Much that seems perverse in our culture is really only the secular humanist philosophy being put into action, affecting people’s attitudes and behavior. In fact, the U.S. Supreme Court in 1961, in Torcaso v. Watkins, declared humanism to be a religion: “Among religions in this country which do not teach what would generally be considered a belief in the existence of God are Buddhism, Taoism, Ethical Culture, Secular Humanism, and others” (http://members.aol.com/Patriarchy/definitions/humanism_religion.htm).

R. J. Rushdoony calls humanism “[t]he religion of humanity” and describes it thus: “The religion of humanity looks to the perfection of man in paradise on earth … The future depends, not on God, but entirely on man.”[1]

In no single document is the philosophy so clearly expressed as in the Humanist Manifesto II (for the full text and source of all quotations used from here on, see http://www.americanhumanist.org/about/manifesto2.html). In this series of articles, we will revisit the Humanist Manifesto II and analyze it point by point.

What Is HM II?

Published in 1973 as the successor to the Humanist Manifesto I of 1933, HM II sets out the ideology of secular humanists and their utopian vision for the world: “Using technology wisely, we can control our environment, conquer poverty, markedly reduce disease, extend our life-span, significantly modify our behavior, alter the course of human evolution and cultural development, unlock vast new powers, and provide humankind with unparalleled opportunity for achieving abundant and meaningful life.” In other words, as Rushdoony notes, “[T]he perfection of man in paradise on earth.”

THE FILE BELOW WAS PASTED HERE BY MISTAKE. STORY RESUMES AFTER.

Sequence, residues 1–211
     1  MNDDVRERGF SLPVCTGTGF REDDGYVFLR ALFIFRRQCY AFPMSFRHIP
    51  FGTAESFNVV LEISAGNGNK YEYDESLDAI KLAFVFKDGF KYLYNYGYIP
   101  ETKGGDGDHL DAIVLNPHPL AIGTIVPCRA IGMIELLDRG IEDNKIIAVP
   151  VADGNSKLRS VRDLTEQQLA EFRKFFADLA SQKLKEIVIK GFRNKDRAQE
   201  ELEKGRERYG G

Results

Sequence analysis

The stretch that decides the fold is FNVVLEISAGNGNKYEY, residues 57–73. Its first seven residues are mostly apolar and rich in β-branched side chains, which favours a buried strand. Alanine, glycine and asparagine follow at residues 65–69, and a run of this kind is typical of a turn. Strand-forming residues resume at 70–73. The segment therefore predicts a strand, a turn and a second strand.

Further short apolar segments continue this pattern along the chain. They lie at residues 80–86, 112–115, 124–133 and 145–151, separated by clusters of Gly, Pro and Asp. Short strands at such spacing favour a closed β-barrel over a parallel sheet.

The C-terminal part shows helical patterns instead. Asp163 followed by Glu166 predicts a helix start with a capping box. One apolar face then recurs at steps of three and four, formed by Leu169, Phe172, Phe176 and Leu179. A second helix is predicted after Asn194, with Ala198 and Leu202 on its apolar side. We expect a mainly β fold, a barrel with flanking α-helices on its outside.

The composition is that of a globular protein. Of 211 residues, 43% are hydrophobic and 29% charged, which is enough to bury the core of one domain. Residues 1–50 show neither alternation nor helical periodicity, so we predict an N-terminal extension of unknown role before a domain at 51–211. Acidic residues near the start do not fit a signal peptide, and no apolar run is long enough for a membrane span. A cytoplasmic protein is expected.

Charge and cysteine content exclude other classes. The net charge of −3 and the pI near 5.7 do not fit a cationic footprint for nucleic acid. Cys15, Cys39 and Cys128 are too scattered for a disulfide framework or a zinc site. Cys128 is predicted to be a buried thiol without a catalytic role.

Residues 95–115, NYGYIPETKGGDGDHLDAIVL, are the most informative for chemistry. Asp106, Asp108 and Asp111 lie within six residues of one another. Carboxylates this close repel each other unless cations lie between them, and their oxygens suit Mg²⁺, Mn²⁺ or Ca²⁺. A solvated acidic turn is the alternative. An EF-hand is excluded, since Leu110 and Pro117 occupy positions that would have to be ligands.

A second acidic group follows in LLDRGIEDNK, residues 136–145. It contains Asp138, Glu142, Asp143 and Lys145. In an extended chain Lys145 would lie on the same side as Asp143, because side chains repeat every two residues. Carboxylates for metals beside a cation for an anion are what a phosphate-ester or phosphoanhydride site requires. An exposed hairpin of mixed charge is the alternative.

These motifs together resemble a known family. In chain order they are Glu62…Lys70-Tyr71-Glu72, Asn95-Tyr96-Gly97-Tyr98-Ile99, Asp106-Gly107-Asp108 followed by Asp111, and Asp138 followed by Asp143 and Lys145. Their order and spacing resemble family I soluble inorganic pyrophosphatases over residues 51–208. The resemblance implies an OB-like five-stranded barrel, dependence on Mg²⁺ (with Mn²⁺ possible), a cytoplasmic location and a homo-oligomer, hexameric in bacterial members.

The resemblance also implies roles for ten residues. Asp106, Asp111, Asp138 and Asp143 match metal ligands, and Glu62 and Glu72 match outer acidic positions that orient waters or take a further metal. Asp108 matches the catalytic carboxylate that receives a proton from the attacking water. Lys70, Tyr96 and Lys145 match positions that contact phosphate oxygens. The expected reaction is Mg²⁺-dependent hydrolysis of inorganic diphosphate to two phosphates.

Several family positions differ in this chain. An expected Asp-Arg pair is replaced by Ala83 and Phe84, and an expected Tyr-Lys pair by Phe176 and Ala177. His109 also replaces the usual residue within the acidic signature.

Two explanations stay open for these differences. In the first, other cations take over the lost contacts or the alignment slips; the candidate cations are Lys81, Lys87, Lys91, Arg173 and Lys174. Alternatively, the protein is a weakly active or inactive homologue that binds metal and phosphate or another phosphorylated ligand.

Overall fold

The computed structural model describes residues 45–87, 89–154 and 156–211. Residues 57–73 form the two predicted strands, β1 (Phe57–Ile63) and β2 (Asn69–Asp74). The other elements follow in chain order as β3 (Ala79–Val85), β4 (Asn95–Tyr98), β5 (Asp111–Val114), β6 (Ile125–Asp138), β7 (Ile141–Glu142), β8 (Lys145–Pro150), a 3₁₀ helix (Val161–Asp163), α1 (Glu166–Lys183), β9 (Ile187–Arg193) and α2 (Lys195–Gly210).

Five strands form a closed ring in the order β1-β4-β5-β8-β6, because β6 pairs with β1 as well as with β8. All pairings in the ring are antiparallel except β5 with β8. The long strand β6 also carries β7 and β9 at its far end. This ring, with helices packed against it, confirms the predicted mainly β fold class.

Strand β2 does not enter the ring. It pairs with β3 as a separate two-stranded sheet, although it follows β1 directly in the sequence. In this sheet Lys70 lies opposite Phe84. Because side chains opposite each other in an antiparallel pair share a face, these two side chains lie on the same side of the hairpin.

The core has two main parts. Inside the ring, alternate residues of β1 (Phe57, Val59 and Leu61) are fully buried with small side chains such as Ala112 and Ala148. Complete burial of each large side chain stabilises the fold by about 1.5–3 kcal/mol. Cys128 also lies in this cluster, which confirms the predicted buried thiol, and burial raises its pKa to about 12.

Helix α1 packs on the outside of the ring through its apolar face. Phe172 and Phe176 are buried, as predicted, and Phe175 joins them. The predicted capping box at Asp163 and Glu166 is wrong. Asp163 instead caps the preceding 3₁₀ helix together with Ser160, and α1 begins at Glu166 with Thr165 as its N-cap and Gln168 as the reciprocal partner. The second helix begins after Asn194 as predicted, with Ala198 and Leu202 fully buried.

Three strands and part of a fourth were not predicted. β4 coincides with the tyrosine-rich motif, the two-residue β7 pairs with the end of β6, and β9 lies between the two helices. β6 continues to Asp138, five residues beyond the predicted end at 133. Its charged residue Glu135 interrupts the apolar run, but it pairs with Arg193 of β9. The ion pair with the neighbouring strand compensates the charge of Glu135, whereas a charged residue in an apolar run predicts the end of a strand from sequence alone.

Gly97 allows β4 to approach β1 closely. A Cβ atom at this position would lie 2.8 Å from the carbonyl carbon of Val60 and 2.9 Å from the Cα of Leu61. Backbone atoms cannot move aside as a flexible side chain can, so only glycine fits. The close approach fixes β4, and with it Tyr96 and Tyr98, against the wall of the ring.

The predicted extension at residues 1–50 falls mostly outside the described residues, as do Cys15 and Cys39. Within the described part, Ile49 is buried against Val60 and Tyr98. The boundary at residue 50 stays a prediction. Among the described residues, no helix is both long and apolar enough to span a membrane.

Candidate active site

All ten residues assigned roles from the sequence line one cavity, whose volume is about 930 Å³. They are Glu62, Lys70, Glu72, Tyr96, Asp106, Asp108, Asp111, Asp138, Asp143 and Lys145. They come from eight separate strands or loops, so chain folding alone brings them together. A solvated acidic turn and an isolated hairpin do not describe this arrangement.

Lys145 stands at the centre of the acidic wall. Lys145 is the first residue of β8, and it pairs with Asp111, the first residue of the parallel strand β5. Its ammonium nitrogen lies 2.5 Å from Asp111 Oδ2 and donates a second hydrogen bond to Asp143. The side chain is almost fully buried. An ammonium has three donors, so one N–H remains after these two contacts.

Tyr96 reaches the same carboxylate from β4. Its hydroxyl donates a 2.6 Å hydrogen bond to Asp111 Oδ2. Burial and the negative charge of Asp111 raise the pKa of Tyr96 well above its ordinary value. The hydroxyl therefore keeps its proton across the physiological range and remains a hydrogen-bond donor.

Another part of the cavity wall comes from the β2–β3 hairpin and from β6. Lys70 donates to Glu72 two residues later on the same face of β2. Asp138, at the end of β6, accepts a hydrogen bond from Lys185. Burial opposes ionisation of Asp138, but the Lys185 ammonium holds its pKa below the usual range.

The authors of this breathtaking prose are Paul Kurtz and the late Edwin H. Wilson. Kurtz, a professor emeritus of philosophy with the State University of New York at Buffalo, is chairman of the Council for Secular Humanism and the author of 45 books and 800 articles on humanism. Wilson, who died in 1993, was a Unitarian minister and a cofounder of the International Humanist and Ethical Union. There is a Humanist Manifesto III (2003), but it’s only a brief addendum to HM II.